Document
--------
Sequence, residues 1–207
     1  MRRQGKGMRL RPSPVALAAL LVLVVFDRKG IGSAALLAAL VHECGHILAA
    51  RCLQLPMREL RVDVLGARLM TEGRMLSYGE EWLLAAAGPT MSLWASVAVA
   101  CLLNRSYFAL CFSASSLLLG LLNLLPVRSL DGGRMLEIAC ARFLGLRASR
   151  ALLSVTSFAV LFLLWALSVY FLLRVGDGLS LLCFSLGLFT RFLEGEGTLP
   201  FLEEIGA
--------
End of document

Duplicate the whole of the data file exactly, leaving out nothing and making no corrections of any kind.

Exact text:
Sequence, residues 1–207
     1  MRRQGKGMRL RPSPVALAAL LVLVVFDRKG IGSAALLAAL VHECGHILAA
    51  RCLQLPMREL RVDVLGARLM TEGRMLSYGE EWLLAAAGPT MSLWASVAVA
   101  CLLNRSYFAL CFSASSLLLG LLNLLPVRSL DGGRMLEIAC ARFLGLRASR
   151  ALLSVTSFAV LFLLWALSVY FLLRVGDGLS LLCFSLGLFT RFLEGEGTLP
   201  FLEEIGA